Positano & beyond | Ravello
It would have been sinful to take the 45 minute long boat journey all the way from Positano to Amalfi only to miss the real jewel of the Amalfi Coast to be found a mere 5km behind the town. Containing some of the most luxurious of the coast’s hotels, playing host to a string of celebrities past and present from DH Lawrence and Humphrey Bogart, to Salvador Dali and Leonardo DiCaprio, and boasting its own internationally renowned arts festival extending from June until the early Autumn each year, the town of Ravello is an unmissable high point of the Amalfi experience.
And high it really is. For the mere 5km distance of which I have alluded does not take into account the fact that Ravello is a spectacular 1,200ft above sea level, set along a perfectly situated mountain ridge, and that the journey to get there takes in some of the most dizzyingly vertiginous hairpin bends of all the roads on the coast. Yet even though many a visitor will arrive in the town with their nails bitten down halfway closer to their cuticles, the views that will greet you, and remain in sight from almost every aspect in Ravello are well worth the stomach flips. Glittering, stunning vistas down to the coast around Salerno and beyond make these views some of, if not the most stunning anywhere in Italy.
Ravello’s Duomo and the stunning views it’s famed for
We and a vast number of other tourists crammed somewhat hazardously into the once-an-hour bus from Amalfi to Ravello and arrived in the town around 40 stomach-churning minutes later. Knowing that Ravello contains two of the most stunning gardens in the Amalfi region, we headed straight for the first – the Villa Rufolo, former villa/palace of the wealthy Rufolo family whose gardens are so picture-perfect that Wagner modeled the magical gardens in his opera Parsifal on them. Owing to the recent start of Ravello’s arts festival, much of these gardens was taken up with the construction of a temporary auditorium and stage benefiting from the very best of the jaw-dropping views (I wonder how anyone concentrates on the performers with these views behind them). However there were still sufficient treats in store in this garden to make us realise quite why the gardens had provided such inspiration to Wagner and many others before and after him.
The Villa Rufolo
But in retrospect, I can see that the Villa Rufolo was only the appetizer of the great banquet which was to follow – the incredible Villa Cimbrone. Created in the “English style” by Vita Sackville-West who bought the sight for mere spare change, and later made the home of Gore Vidal, these six acres of lush gardens boasting the most incredible position at the edge of a rocky peninsular with commanding views extending almost 300 degrees over coast and valley are probably the most paradisally perfect gardens I have ever been in. They contain almost everything you could want from a garden. Shady sun-dappled paths lined with cypress trees and olives, bouncy green lawns interspersed with moss-covered greek and roman statues, little hidden cupolas and grottos, and avenues lined with hydrangeas and wisteria and every other kind of beautiful flower. But most stunning of all is what can be found at the bottom of the garden – the Terrace of Infinity, with views over the bay of Salerno so ravishing that Gore Vidal declared it to be “the most beautiful view in the world”. I am not going to disagree.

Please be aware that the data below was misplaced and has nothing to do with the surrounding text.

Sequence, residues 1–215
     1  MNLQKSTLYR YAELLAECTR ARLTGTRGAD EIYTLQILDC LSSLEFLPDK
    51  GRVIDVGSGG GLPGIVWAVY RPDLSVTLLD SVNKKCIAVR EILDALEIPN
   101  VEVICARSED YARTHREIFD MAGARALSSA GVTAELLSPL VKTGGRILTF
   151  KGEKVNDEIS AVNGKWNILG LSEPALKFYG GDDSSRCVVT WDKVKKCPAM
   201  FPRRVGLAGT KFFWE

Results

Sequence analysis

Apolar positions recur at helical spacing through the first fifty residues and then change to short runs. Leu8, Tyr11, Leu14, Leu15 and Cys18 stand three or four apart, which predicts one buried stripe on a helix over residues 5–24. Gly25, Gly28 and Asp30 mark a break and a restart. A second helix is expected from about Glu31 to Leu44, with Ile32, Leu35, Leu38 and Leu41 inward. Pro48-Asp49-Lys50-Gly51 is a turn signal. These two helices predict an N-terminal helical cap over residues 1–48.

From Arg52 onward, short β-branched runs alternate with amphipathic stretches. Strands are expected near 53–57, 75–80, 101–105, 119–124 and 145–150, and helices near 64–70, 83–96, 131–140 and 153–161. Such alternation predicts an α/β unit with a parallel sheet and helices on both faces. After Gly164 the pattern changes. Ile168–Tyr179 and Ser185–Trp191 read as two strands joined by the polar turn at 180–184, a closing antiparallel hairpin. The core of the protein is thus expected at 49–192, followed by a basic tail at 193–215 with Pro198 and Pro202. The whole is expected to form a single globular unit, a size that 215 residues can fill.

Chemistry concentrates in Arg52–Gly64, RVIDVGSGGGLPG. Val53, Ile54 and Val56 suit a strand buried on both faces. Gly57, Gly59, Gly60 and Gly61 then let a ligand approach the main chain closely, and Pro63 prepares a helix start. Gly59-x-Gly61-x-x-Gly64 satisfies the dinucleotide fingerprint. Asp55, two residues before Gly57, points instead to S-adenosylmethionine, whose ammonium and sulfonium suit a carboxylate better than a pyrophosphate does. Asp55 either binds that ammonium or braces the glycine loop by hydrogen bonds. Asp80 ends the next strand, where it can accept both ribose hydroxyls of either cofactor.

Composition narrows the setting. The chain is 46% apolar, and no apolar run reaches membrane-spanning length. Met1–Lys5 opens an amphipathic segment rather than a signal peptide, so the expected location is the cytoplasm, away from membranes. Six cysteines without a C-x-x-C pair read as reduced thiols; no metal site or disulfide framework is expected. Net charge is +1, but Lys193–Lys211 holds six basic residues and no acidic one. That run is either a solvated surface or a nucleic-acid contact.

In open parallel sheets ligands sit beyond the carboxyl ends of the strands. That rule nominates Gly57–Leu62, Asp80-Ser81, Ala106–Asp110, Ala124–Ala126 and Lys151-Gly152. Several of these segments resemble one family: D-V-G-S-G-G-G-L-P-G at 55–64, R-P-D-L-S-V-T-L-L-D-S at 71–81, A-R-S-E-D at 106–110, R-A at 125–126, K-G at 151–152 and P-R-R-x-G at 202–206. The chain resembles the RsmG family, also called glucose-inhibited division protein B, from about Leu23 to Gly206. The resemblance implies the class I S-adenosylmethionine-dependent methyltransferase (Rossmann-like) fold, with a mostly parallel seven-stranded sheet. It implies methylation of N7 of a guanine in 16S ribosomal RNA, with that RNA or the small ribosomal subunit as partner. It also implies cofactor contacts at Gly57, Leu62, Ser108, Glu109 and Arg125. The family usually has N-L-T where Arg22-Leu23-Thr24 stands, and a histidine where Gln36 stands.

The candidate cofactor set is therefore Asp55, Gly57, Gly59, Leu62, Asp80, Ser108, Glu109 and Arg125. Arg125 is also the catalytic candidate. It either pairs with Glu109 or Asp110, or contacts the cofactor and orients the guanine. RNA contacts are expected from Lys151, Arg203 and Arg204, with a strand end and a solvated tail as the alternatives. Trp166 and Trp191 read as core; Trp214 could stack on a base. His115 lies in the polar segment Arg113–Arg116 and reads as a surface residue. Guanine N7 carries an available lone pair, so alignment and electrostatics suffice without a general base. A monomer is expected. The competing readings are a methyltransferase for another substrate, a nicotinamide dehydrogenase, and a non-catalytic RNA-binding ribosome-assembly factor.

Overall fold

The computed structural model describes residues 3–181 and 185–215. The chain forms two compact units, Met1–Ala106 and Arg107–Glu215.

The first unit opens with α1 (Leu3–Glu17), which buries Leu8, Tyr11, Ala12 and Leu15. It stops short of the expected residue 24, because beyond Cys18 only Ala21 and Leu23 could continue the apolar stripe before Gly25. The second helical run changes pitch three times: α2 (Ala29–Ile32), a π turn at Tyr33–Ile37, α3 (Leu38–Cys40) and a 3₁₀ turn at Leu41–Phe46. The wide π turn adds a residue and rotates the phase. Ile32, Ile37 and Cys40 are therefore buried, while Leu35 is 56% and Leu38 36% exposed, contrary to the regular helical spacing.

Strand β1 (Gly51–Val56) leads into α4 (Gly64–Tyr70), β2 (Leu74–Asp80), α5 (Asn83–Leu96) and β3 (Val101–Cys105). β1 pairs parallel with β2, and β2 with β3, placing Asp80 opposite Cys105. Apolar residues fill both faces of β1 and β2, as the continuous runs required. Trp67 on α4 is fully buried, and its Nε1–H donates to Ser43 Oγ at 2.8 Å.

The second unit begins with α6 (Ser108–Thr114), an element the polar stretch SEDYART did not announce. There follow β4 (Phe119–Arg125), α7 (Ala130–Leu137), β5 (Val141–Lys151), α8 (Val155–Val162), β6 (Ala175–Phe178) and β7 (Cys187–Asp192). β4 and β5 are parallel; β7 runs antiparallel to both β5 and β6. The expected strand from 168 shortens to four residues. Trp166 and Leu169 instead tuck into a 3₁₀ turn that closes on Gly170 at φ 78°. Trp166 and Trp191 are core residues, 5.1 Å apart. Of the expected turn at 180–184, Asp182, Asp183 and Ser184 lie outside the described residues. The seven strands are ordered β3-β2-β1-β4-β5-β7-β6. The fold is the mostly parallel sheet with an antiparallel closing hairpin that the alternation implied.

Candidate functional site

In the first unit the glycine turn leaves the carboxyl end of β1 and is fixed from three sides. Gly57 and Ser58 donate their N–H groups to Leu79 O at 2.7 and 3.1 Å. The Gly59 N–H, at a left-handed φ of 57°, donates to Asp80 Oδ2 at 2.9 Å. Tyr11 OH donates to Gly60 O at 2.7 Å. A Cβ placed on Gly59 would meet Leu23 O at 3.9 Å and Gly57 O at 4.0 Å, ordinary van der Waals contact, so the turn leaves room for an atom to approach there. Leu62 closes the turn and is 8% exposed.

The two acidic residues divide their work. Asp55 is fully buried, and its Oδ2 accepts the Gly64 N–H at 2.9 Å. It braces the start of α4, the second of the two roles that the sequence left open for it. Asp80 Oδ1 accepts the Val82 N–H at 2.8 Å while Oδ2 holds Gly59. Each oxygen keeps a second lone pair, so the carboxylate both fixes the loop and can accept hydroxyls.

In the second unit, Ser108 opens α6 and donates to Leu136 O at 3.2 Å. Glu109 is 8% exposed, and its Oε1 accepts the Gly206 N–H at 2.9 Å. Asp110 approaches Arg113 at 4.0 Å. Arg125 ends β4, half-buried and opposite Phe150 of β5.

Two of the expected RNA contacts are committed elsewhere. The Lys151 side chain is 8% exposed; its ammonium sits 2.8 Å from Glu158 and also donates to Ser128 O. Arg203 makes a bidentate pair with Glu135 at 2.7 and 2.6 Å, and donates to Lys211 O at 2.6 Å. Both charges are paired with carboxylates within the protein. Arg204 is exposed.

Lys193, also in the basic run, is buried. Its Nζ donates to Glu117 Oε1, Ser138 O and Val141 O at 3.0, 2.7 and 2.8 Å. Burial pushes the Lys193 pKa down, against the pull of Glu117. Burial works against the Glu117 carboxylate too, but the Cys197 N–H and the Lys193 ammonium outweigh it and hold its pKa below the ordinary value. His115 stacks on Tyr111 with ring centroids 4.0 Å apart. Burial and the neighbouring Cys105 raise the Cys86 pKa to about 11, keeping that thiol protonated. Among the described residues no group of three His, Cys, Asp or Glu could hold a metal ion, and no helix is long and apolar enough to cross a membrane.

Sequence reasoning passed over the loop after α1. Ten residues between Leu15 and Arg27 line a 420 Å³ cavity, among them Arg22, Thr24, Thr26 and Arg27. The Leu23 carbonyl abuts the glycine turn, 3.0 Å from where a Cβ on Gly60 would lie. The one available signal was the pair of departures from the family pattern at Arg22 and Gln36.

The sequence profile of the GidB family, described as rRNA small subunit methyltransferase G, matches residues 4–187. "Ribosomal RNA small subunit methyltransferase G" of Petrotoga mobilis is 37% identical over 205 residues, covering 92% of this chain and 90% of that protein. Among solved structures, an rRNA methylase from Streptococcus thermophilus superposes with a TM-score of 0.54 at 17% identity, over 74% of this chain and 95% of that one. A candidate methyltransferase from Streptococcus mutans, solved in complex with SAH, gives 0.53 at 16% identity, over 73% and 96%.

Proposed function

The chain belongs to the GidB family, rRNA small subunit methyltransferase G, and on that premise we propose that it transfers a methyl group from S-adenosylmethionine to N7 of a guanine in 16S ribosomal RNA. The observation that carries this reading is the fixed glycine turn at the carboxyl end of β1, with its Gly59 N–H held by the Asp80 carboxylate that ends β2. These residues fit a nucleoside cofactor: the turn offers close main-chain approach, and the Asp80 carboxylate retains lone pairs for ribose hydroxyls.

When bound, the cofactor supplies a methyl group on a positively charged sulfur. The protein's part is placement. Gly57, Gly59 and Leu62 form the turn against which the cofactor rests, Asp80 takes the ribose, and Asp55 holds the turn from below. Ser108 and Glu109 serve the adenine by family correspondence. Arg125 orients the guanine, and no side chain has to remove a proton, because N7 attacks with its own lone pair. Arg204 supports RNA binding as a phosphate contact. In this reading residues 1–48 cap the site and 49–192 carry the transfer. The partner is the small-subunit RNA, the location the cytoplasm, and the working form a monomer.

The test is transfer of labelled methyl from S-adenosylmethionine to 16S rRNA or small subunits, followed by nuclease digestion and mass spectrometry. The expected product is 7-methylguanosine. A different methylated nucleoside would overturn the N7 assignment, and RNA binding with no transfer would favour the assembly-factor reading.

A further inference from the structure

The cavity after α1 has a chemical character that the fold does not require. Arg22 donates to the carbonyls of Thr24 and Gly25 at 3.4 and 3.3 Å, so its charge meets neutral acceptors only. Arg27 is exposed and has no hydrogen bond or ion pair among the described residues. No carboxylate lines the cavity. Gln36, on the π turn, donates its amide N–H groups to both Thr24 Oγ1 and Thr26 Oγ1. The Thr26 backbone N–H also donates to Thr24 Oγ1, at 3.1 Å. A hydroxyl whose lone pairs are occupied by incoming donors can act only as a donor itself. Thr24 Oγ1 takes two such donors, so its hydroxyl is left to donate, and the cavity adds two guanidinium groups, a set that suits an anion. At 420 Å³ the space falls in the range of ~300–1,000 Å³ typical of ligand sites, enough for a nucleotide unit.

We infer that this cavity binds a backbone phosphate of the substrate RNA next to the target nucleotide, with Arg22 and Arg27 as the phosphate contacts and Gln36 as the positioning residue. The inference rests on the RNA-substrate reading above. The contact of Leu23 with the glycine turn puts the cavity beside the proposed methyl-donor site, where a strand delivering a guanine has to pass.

The Villa Cimbrone
Asides from those two great garden paradises, Ravello is a small and quiet little town compared with the boutique filled mecca of Capri or the bustling shopping streets of Amalfi down on the coast. With one main square flanked by a simple white washed Duomo and a few friendly cafes, it is the perfect place to sit back and contemplate the breathtaking views that are all around, somewhere to breathe deep the freshest of air in these mountain heights, and try to make sense of what it was to sample paradise, before finally heading back down to sea level, and to reality. But let’s face it, if that reality is still the Amalfi Coast, it’s never going to be far from heaven is it?
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